“Hello is a powerful word,” he said. “You might not get a response back, but pass it along … At the end of the day, it’s about gratitude.”
White-Hammond said she encourages congregants to hold five difficult conversations with the people they love: “Forgive me,” “I forgive you,” “Thank you,” “I love you,” and, when death is near, “Goodbye.”
“It’s an important time to get on Zoom and dialogue about thorny issues,” she said. “It can effect some healing.”
But even during the time of COVID-19, it’s not just about death, Walker said.
“It’s how you live, and how you value what you have, living as if this were your last day,” she said. But instead, she said, “we’re screaming at each other and taking sides. It’s the most childish behavior we could do.”
“I hope,” Walsh said, “that a year from now when we’re beyond the pandemic, this slowing down we’re experiencing right now can continue forward.”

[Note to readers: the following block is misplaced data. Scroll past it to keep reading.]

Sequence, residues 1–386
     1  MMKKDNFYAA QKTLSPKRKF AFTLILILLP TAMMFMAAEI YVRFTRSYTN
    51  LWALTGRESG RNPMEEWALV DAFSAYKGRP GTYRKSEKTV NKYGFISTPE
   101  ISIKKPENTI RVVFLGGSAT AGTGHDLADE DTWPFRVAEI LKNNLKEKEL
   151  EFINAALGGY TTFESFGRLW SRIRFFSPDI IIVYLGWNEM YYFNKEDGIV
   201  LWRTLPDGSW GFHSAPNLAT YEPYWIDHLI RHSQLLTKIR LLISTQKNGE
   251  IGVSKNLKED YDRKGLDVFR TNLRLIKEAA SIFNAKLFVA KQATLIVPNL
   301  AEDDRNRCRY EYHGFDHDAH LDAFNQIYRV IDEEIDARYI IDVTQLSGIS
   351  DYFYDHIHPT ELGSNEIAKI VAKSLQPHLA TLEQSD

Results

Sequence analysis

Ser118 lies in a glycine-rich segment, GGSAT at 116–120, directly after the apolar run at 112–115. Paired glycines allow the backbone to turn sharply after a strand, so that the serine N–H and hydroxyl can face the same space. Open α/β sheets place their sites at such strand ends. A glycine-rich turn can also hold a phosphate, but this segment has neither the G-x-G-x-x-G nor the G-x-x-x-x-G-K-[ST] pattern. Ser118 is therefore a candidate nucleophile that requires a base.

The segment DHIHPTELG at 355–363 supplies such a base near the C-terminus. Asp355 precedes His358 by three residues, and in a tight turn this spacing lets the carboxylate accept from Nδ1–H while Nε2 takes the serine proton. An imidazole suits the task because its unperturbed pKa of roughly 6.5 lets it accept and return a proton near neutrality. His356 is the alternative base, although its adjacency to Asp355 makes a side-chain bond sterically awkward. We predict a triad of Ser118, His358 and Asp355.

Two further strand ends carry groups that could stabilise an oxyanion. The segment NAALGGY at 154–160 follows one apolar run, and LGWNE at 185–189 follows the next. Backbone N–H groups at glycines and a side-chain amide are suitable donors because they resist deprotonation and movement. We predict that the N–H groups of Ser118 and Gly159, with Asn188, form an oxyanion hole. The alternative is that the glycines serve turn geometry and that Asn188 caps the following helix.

Read an account of Walker and White-Hammond’s interview with Dr. Anthony Fauci here.
You may freely reuse and distribute this article in its entirety for non-commercial purposes in any medium. Please include author attribution, photography credits, and a link to the original article. This work is licensed under a Creative Commons Attribution-NonCommercial-NoDeratives 4.0 International License.
Categories: Advocacy & Social Justice, Racial Justice
Tags: bethel ame church boston, boston mayor marty walsh, Cory Johnson Program for Post-Traumatic Healing, covid-19, covid-19 vaccine, dr. anthony fauci, pandemic, rev. dr. gloria white-hammond, rev. liz walker, roxbury presbyterian church boston
Ministries: Gender, Racial and Intercultural Justice